A design pattern is a general reusable solution to a commonly occurring problem in software development. It cannot be transformed directly into the source code as a finished design since it is more of a template that can be used in many different situations. Unit of work is one of them - and in this post, we’ll explain how to use it and how to implement it in ASP.NET using Entity Framework.

When to use „Unit of Work“?

Imagine you have users and roles, and it is important to ensure that all users have roles assigned to them. This is where Unit of Work comes in. It helps us save everything, user and his roles - or nothing, if something fails. Unit of Work is mostly used when we want to get a set of actions happen, and if one action fails, to cancel all of them.

In general, Unit of Work has two important tasks:

  • to keep a list of requests in one place (the list can contain multiple insert, update, and delete requests), and
  • to send that requests as one transaction to the database.

An example implementation based on Entity Framework

For the DbContext variable, a new context is instantiated in the following way:

protected IMyDbContext DbContext { get; private set; }

and this is a constructor that uses the DbContext variable:

public UnitOfWork(IMyDbContext dbContext)
{
    if (dbContext == null)
    {
        throw new ArgumentNullException("DbContext");
    }
    DbContext = dbContext;
} 

Items will be added using this method:

public Task<int> AddAsync<T>(T entity) where T : class
{
    DbEntityEntry dbEntityEntry = DbContext.Entry(entity);
    if (dbEntityEntry.State != EntityState.Detached)
    {
        dbEntityEntry.State = EntityState.Added;
    }
    else
    {
        DbContext.Set<T>().Add(entity);
    }
    return Task.FromResult(1);
}

If we want to edit (update) items, we need the update method:

public Task<int> UpdateAsync<T>(T entity) where T : class
{
    DbEntityEntry dbEntityEntry = DbContext.Entry(entity);
    if (dbEntityEntry.State == EntityState.Detached)
    {
        DbContext.Set<T>().Attach(entity);
    }
    dbEntityEntry.State = EntityState.Modified;
    
    return Task.FromResult(1);
}

To delete item(s) we will use following:

public Task<int> DeleteAsync<T>(T entity) where T : class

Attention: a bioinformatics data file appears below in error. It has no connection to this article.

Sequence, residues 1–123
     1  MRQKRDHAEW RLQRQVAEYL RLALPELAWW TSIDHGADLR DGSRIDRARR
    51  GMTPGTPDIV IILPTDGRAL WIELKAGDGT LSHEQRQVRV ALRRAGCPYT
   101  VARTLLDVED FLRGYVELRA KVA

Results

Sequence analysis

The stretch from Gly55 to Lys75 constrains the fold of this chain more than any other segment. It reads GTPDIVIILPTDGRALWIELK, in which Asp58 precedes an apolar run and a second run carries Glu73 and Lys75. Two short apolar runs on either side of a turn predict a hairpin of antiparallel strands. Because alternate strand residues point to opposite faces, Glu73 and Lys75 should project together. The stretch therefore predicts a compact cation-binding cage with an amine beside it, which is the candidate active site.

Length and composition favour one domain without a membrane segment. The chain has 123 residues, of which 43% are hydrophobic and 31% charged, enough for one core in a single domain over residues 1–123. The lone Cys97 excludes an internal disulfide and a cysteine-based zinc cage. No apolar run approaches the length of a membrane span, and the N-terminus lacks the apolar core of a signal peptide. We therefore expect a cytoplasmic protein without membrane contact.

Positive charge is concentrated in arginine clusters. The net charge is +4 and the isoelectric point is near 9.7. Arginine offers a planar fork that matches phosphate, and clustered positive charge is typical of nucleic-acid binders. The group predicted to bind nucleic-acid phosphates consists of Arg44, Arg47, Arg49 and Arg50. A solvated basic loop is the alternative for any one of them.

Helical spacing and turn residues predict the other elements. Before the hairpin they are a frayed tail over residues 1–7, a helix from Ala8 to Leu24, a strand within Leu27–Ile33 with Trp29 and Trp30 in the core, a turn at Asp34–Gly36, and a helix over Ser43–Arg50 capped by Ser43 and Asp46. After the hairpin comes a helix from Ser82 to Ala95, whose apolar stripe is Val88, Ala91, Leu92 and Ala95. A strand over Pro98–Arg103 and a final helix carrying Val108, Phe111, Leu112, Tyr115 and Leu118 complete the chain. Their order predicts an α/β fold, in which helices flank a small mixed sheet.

{
    DbEntityEntry dbEntityEntry = DbContext.Entry(entity);
    if (dbEntityEntry.State != EntityState.Deleted)
    {
        dbEntityEntry.State = EntityState.Deleted;
    }
    else
    {
        DbContext.Set<T>().Attach(entity);
        DbContext.Set<T>().Remove(entity);
    }
    return Task.FromResult(1);
}

public Task<int> DeleteAsync<T>(string ID) where T : class
{
    var entity = DbContext.Set<T>().Find(ID);
    if (entity == null)
    {
        return Task.FromResult(0);
    }
    return DeleteAsync<T>(entity);
}

Note: This implementation is convenient because I used string ID in the database. You can use Guid or int Id or whatever suits you.

Besides the basic create, update, and delete methods described here, to commit the transaction, we will need a CommitAsync method:

public async Task<int> CommitAsync()
{
    int result = 0;
    using (TransactionScope scope = new TransactionScope(TransactionScopeAsyncFlowOption.Enabled))
    {
        result = await DbContext.SaveChangesAsync();
        scope.Complete();
    }
    return result;
}

Finally, the method to dispose the whole transaction if any of the actions fail:

public void Dispose()
{
    DbContext.Dispose();
}

For all that methods we usually create the interface like this:

public interface IUnitOfWork : IDisposable
{
    Task<int> AddAsync<T>(T entity) where T : class;

    Task<int> CommitAsync();

    Task<int> DeleteAsync<T>(T entity) where T : class;

    Task<int> DeleteAsync<T>(string ID) where T : class;

    Task<int> UpdateAsync<T>(T entity) where T : class;
}

And here is the Unit of Work factory that creates it:

public interface IUnitOfWorkFactory
{
    IUnitOfWork CreateUnitOfWork();
}

Note: I used Ninject Factory extension here, so I didn’t have to implement it.

How to use it

All you need to do now is to create the Unit of Work in the method where you need it:

public class MyClass 
{
    IUnitOfWorkFactory uowFactory;

    public MyClass(IUnitOfWorkFactory uowFactory)
    {
        this.uowFactory = uowFactory;
    }
    
    public async Task<int> MyMethod()
    {
        // Creates the Unit of Work
        var unitOfWork = uowFactory.CreateUnitOfWork();
    }
}

Note: MyMethod should be async because of CommitAsync, AddAsync and other async methods.

Next, add requests to unitOfWork in MyMethod in order in which you want them to perform. For example, to add user and then add his roles:

// Insert user into user table
var userId = await unitOfWork.AddAsync(user);

// Multiple inserts for user roles
foreach (var userRole in userRoles)
{
    // Assign UserId before the insert
    userRole.UserId = userId.Value;

    // Insert into user role table
    await unitOfWork.AddAsync(userRole);
}

Finally, all you need to call is:

// Commit
await unitOfWork.CommitAsync();

All requests added to the Unit of Work will be sent to the database when you call CommitAsync. Since the Unit of Work is handling them all in the TransactionScope, it will assure that no unfinished work will make changes to our data - either all actions will be successful, or no changes will be done at all.

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